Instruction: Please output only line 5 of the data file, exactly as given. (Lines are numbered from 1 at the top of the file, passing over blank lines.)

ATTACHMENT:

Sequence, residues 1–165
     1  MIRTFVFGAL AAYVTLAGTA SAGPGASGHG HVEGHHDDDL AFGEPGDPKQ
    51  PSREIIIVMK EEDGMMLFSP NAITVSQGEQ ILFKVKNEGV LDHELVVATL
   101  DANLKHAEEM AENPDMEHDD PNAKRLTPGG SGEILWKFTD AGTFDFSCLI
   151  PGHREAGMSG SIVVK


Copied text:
   151  PGHREAGMSG SIVVK